Focus on fucoidans – roles in physical body ageing



We normally think of slowing down in old age, taking it easy and enjoying a life of leisure. For some, this may include more rounds of golf, walking the dog, swimming, gardening, bush walking or many other activities. What you may not realise is that these physical activities are not only a healthy way to spend leisure time but are actually beneficial in more ways than you may expect. There is exceptional evidence demonstrating that exercise (even light exercise) can help promote cardiovascular health at any age and as such is widely recommended by medical professionals [1]. What is less considered is the importance of regular physical activity on maintaining skeletal muscle mass and function as we get older.

With older age, our muscle mass naturally begins to decline [2]. This reduction in muscle mass really begins in middle age and accelerates over time. This has been estimated as about 1-2% loss of muscle mass each year beginning in the 50s [2]. Muscle loss overtime leads to a progressive decline in muscle strength, which in the most serious of cases leads to a condition known as sarcopenia. Recent research indicates that around 20% of Australian adults aged over 65 have sarcopenia [3]. Unfortunately, muscle weakness leads to even less movement in turn driving greater muscle loss and increasing weakness and immobility, a sort of “vicious cycle” [4]. This is only in the most extreme cases, but it highlights the need to maintain activity to ensure muscle mass, strength and mobility in older age.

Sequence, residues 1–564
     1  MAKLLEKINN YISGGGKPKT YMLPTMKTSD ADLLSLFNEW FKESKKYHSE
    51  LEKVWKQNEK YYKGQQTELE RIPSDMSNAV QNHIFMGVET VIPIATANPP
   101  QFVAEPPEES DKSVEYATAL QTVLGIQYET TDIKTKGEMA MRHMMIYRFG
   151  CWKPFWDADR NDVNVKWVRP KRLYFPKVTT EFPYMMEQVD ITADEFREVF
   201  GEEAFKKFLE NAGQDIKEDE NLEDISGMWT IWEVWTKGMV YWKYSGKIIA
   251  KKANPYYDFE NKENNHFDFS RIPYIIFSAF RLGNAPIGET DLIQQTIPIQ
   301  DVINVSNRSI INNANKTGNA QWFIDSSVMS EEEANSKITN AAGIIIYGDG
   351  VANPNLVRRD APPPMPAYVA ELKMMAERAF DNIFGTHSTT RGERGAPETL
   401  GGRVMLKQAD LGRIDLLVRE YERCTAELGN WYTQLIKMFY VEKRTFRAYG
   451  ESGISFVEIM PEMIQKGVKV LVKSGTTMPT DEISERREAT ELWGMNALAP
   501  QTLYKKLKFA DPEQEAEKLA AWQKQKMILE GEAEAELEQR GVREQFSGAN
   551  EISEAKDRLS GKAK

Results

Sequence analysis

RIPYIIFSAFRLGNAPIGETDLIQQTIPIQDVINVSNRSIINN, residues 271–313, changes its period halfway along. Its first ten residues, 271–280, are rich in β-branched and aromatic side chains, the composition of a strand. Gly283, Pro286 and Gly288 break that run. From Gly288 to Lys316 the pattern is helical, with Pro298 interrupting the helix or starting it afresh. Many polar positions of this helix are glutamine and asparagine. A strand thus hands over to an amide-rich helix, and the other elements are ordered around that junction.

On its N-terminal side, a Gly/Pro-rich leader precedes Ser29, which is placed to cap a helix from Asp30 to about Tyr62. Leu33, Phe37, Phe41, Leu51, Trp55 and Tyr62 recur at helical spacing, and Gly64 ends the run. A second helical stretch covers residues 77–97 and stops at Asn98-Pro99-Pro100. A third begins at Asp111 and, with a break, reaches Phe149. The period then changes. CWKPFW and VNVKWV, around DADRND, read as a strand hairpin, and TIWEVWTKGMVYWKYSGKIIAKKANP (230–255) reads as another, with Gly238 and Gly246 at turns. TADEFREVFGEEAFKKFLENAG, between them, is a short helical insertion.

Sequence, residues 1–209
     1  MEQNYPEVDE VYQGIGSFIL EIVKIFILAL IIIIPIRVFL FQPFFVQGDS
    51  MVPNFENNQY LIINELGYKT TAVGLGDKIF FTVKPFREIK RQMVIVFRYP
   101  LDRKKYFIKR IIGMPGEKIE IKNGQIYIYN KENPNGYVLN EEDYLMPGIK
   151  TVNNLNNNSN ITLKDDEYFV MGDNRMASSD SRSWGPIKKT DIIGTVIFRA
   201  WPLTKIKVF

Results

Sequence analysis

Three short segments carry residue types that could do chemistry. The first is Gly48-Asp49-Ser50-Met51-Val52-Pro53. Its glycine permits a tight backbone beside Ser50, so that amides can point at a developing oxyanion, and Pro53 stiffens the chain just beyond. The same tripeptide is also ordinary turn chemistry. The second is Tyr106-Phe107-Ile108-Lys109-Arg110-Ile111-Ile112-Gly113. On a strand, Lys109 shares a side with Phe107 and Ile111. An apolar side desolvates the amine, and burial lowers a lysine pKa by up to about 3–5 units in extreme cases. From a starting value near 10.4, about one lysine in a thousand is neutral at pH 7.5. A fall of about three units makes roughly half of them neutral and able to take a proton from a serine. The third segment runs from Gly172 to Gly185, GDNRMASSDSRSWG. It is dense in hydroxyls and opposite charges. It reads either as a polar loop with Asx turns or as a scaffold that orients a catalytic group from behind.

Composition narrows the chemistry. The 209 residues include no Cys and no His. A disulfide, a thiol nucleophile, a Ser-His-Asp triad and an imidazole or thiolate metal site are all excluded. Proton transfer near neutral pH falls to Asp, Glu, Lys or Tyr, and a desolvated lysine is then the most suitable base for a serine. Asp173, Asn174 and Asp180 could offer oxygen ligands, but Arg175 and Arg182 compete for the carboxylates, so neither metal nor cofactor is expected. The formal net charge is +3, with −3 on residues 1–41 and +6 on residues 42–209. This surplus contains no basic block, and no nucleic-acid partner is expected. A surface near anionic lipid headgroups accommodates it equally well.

Muscle mass loss with older age is thought to be triggered by of a combination of changes in diet and lifestyle, neuronal factors and oxidant damage (oxidative stress) [2]. These factors in combination, increase the levels of myostatin, a molecule within the muscle cells that prevents muscle growth. Over a period of time, elevated myostatin levels drives more oxidative stress and inflammation, leading to muscle cell shrinkage (atrophy) and death (apoptosis) in addition to a loss in energy utilisation capacity [2].

Physical activity is the “gold standard” strategy to manage loss of muscle mass in old age, although emerging new research has revealed that fucoidans derived from brown seaweed are able to support muscle growth and enhance strength whilst demonstrating various health benefits [5]. Brown seaweed still remains a part of a traditional diet in East Asia [6] but if a radical change in diet doesn’t appeal to you, recent advances in science have allowed the efficient and safe extraction of fucoidans for consumption as a supplement.

Models of disease provide some insight to a mechanism